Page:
This question poses a problem because, in my opinion, instead of leading to an answer, it leads to more questions. Many classrooms are overflowing with an abundance of research, resources, and materials for developing the teaching of writing. Then there are others with far less. Both can lead to problems and reasons for confusion. Even the feeling of not knowing. However, the teaching of writing may not be the issue because the question isn’t: How do I teach writing? The question is: How do I teach writers?
And that does not fit into a tidy box.
As we begin to ponder a break from students, perhaps six weeks, or two-three months, we might be planning to read, research, and prepare. You likely don’t know the writers that await you, but that doesn’t mean you can’t prepare a little in advance before they venture into your classroom.
Teaching writers is a journey, an adventure, and a challenge. Your ideas, philosophies, and methods may change and evolve. I know mine do. Most often because as soon as I think I know something or understand the how, a writer in front of me changes my mind.
Here are three thoughts on improving how you teach writers and why you can.
Do the Research!
In this video, Nell Duke shares how research is the result of a question. If your question is somewhere within the form of, “How do I teach writers,” then knowing how to find or conduct research to answer your question is important. More and more, finding valid and researched practices is essential to the value of our work.
Watch and Learn!
These three video resources, linked below, have a variety of videos of classroom teachers, teacher-student interactions, and teachers sharing advice from their own areas of expertise. Using video resources can help support the teaching of writers because sometimes you just need to see it for yourself. Videos like these can sometimes feel like there is a piece of authenticity missing. I’d encourage you to watch with the lens of the video’s purpose. Videos like these are meant to show and share a scenario of what could be not necessarily how it could go wrong. Most teachers are already pretty familiar with that anyway, so keep that in mind the next time you watch a video and feel like rolling your eyes. I’ve been there and have reflected on that a bit since. Videos like these are meant to show me how and why not what if.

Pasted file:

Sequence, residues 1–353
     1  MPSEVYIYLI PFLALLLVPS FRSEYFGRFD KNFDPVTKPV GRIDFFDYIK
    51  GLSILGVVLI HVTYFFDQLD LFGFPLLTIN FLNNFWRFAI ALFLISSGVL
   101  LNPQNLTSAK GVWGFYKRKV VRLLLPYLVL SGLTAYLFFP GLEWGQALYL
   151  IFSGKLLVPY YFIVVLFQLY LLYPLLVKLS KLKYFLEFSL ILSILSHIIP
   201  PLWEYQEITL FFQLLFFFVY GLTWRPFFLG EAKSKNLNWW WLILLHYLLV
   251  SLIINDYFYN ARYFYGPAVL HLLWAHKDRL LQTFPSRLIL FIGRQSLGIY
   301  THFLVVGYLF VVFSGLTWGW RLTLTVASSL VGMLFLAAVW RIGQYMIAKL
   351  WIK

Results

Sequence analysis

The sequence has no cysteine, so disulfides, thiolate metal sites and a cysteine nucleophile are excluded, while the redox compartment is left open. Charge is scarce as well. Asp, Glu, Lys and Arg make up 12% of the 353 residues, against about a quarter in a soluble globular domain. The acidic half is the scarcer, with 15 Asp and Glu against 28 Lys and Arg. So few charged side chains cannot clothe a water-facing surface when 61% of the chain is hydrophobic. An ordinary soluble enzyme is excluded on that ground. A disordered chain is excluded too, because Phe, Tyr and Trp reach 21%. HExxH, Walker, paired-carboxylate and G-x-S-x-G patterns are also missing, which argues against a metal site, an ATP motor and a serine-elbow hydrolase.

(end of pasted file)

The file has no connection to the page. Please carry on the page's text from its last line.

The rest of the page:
Explicit Teaching = More Precise Understanding
My best advice for teaching writing to writers is to be explicit in your teaching, model the techniques and strategies you are teaching, and allow your writers adequate and daily time to practice. We can say this all day long, but teaching can often get muddy and unclear. Our expectation can become cloudy. These two videos both demonstrate some specific teaching strategies. I find these videos are helpful as a starting point if you have never taught a strategy lesson before. These videos might not be showcasing my favorite strategies to teach. I might not even present them in this same way. However, the purpose is to take away the focus of the lesson and the expectations of the writers. Also, this type of lesson can be replicated with other strategies when we are intentional.
“Strategies help to take something that proficient writers do naturally, automatically, and without conscious effort, and make it visible, clear, and doable for the student writer.” Jennifer Serravallo, The Writing Strategies Book
What makes this all so challenging?
Writers are people.
People are unpredictable, fragile, and creative beings.
How do I teach writers? I’m still learning. I learn every day how to be better and how to leave room for them to show me what they know. Sometimes their shifts are in different places than I expect and as long as I am open and willing to teach the writer, I’ll begin to answer the question that started this whole piece, to begin with.
I leave you with this quote from William Stafford from his piece titled, “A Way of Writing.” The entire article can be found here for later reading.
“A writer is not so much someone who has something to say as he is someone who has found a process that will bring about new things he would not have thought of if he had not started to say them.”
Daughter, sister, wife, mother, teacher, and writer.